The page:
Metabolic Therapy – A Potential Treatment Method for Cancer Patients

For many years, the researchers have been struggling to look for newer and more efficient treatment methods for cancer patients. And in their effort to do so, they have identified metabolic therapies as a possible treatment for fighting cancerous cells.

Currently, researchers are focused on finding ways that will attack the growth of cancerous cells. According to them, preventing these cells from getting energy will lead to their death.

With every passing day, there is an addition of more than 100 articles related to cancer. Among these, many address new and promising advances in a research lab. There is an intense struggle to find better treatment options. But in spite of all these advances in cancer research, this disease is still too common.

Traditional methods to fight cancer such as radiation, chemotherapy, and immunotherapy have made great breakthroughs. However, still, they show some limitations.

Chemotherapy is one of the effective methods to promote health of cancer patients and is still considered as the standard of care. But the immunosuppression and often relapse are its drawbacks.

Talking about radiations, many types of radiations can’t reach all body parts and thus can’t be used for malignant cancers. Moreover, immunotherapy has also shown some drawbacks. It shows only 20 – 30% effectiveness in treating some cancers, while in other types of cancer immunotherapy is completely ineffective.

Besides the previously mentioned treatments, there’s another possible method to fight cancer cells, termed as cell metabolic therapy. For many years, metabolic therapies have been a part of the discussion without producing any workable treatment method.

Cell metabolic therapy attacks the mitochondria of cancer cells, hence stopping their growth and preventing them from becoming malignant. Previously, cell metabolic therapy has failed for many years. However, recent data shows a breakthrough in this treatment option.

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According to Scientific American article, mitochondria are responsible for the metabolic transformation of a healthy cell to a cancer cell. And it does so by not only producing energy but also some biosynthetic intermediates, that promote the growth and proliferation of the new cell.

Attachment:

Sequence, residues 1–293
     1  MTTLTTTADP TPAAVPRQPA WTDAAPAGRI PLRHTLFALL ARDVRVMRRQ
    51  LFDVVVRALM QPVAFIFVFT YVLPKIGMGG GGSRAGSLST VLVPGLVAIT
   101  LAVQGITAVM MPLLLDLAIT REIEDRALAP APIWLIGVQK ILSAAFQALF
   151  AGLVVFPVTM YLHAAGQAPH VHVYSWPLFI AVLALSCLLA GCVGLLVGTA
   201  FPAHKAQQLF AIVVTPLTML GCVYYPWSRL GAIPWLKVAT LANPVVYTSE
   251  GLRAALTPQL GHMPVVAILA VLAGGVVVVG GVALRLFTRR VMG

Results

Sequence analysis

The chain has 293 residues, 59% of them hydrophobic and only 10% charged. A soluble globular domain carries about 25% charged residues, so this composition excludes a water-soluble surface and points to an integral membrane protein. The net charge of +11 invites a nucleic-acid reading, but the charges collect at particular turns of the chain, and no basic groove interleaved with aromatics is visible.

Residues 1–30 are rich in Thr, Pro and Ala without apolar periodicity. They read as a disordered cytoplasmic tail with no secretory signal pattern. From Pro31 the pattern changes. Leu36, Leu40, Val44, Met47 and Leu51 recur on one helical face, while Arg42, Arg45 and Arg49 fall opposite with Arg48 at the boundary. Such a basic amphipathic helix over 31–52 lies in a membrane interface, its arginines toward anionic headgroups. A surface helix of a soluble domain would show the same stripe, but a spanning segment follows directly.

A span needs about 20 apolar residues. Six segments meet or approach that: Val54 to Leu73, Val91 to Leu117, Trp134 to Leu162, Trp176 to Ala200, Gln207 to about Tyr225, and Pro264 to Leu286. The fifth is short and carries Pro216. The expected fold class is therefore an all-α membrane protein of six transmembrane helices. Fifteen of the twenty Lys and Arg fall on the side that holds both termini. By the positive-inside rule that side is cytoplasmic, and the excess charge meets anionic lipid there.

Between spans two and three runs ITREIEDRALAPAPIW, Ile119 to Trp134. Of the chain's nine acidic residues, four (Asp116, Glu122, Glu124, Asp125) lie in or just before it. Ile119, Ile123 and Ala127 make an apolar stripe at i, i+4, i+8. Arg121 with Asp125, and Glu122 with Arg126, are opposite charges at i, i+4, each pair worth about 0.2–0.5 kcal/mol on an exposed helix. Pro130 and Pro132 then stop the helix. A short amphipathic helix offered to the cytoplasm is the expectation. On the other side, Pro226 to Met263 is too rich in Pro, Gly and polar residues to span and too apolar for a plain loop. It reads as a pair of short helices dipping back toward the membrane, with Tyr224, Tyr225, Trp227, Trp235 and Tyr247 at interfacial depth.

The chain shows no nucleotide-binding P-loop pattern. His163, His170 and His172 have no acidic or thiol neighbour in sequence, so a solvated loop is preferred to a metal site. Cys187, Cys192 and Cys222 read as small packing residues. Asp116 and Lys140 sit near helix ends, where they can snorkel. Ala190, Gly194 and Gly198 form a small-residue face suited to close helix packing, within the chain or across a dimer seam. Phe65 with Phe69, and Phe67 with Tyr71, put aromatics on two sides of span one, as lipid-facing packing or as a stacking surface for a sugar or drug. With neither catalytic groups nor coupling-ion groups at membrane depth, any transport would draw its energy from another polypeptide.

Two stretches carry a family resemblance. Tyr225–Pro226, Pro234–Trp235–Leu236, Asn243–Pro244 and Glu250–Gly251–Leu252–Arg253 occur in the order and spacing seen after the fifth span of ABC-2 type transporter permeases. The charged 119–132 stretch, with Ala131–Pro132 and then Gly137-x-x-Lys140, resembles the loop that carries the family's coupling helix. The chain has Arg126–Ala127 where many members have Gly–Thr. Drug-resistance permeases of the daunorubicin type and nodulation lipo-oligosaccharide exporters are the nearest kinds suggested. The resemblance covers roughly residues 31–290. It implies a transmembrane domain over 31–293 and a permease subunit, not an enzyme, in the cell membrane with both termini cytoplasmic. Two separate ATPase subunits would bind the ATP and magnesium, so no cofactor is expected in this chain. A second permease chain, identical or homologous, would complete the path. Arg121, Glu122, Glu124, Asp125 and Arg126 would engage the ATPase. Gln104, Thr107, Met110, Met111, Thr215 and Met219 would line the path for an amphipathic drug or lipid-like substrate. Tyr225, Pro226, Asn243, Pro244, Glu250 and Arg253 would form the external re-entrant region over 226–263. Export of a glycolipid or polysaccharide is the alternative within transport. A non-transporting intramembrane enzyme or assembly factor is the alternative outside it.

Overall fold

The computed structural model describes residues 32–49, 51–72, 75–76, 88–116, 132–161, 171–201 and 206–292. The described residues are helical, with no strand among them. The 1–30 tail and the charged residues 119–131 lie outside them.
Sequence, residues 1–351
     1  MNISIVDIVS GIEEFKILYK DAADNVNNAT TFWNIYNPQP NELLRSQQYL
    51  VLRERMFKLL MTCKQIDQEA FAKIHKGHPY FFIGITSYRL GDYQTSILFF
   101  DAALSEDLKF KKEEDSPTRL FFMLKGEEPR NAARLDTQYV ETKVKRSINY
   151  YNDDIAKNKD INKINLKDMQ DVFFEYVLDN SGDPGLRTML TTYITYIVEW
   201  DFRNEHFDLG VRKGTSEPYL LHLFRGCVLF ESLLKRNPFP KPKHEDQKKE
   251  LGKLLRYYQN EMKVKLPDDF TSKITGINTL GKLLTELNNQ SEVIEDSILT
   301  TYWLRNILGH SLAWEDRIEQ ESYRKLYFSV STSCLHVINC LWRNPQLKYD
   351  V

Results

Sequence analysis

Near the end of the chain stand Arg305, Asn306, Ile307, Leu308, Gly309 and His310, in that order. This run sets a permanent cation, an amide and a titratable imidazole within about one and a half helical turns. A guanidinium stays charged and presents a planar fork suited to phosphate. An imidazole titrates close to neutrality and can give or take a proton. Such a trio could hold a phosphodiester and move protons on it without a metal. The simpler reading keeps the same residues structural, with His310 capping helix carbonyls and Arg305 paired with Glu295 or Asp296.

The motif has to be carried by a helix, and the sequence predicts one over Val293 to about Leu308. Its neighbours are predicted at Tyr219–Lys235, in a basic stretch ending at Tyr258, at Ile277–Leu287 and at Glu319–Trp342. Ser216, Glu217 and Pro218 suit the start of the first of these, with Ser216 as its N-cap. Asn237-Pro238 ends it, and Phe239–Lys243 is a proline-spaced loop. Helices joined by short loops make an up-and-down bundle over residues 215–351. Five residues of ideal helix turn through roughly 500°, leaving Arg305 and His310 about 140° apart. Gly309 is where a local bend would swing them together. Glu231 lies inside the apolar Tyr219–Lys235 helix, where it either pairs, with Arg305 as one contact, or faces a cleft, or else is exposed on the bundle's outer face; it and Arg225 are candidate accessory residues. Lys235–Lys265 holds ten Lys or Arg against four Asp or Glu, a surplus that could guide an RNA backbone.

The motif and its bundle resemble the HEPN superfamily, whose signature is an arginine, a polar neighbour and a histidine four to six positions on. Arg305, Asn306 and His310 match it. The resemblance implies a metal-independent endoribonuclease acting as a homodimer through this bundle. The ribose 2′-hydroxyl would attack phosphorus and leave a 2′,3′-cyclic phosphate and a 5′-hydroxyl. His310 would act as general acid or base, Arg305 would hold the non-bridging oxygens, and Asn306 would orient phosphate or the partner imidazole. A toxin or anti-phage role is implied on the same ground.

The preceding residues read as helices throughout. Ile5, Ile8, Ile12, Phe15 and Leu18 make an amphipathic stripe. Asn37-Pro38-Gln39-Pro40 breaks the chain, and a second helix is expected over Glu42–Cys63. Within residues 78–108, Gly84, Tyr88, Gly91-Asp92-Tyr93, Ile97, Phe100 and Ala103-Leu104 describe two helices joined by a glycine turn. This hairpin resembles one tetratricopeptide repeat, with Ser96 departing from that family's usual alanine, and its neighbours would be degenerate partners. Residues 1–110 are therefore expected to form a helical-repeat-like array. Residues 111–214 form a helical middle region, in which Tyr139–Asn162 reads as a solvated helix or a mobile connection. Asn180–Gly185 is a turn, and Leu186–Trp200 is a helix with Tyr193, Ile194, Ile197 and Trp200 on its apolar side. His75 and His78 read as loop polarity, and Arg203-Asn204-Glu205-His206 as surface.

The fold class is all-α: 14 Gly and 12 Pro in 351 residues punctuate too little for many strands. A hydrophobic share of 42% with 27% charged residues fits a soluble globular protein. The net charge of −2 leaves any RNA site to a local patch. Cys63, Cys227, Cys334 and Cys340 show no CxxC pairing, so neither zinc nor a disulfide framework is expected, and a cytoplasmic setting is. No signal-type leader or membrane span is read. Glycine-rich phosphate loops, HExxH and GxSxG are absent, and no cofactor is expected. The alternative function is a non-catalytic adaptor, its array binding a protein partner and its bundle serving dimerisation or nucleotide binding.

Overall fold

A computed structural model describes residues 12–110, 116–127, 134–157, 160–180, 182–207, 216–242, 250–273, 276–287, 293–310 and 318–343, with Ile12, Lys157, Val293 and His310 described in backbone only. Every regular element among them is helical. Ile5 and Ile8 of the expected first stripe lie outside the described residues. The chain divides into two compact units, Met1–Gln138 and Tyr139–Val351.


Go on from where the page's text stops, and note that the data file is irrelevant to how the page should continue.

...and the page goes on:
Hence, targeting the cancer cells’ mitochondria can reduce their growing ability and can act as a possible way to treat cancer. Moleculin Biotech, a pharmaceutical company, has announced the starting of preclinical testing of its drug WP1122.

The company believes that WP1122 may appear as a new method to treat glycolytic tumors such as glioblastoma and pancreatic cancer. Walter Klemp, CEO, and Chairman of Moleculin stated that some tumors are dependent on glycolysis mechanism for growth and survival.

Cancer cells consume nearly 18 times more glucose than normal cells, it means that one can starve the cancer cells by inhibiting glucose-based energy production through the provision of glucose decoys.

Until the discovery of WP1122, glucose decoys like 2-DG (2- deoxy-D-glucose) were available. But they were less efficient due to their brief circulation time in the body and rapid metabolism.

The Chief Science Officer for Moleculin, Dr. Don Picker said that WP1122 is a prodrug of 2- deoxy-D-glucose. And in lab animals it has significantly increased the half-life of the latter one, thus allowing its increased uptake in the targeted organs and tumors.

Moreover, this glucose decoy can also affect glycan formation and glycosylation that have a direct influence on the function of PD-L1. This activity will increase the response of the immune system towards cancer cells.

Moleculin has been making efforts for the clinical formulation of WP1122 and is enthusiastic to take further steps for placing it into the clinic.


Khadija Ahmad

An author at Ask Health News, Khadija has good experience in Health And Physical Education and delivers her research work to entertain readers. Her words reflect creativity and intellect as she succeeds in shaping them into interesting articles for readers. Email: khadija@askhealthnews.com

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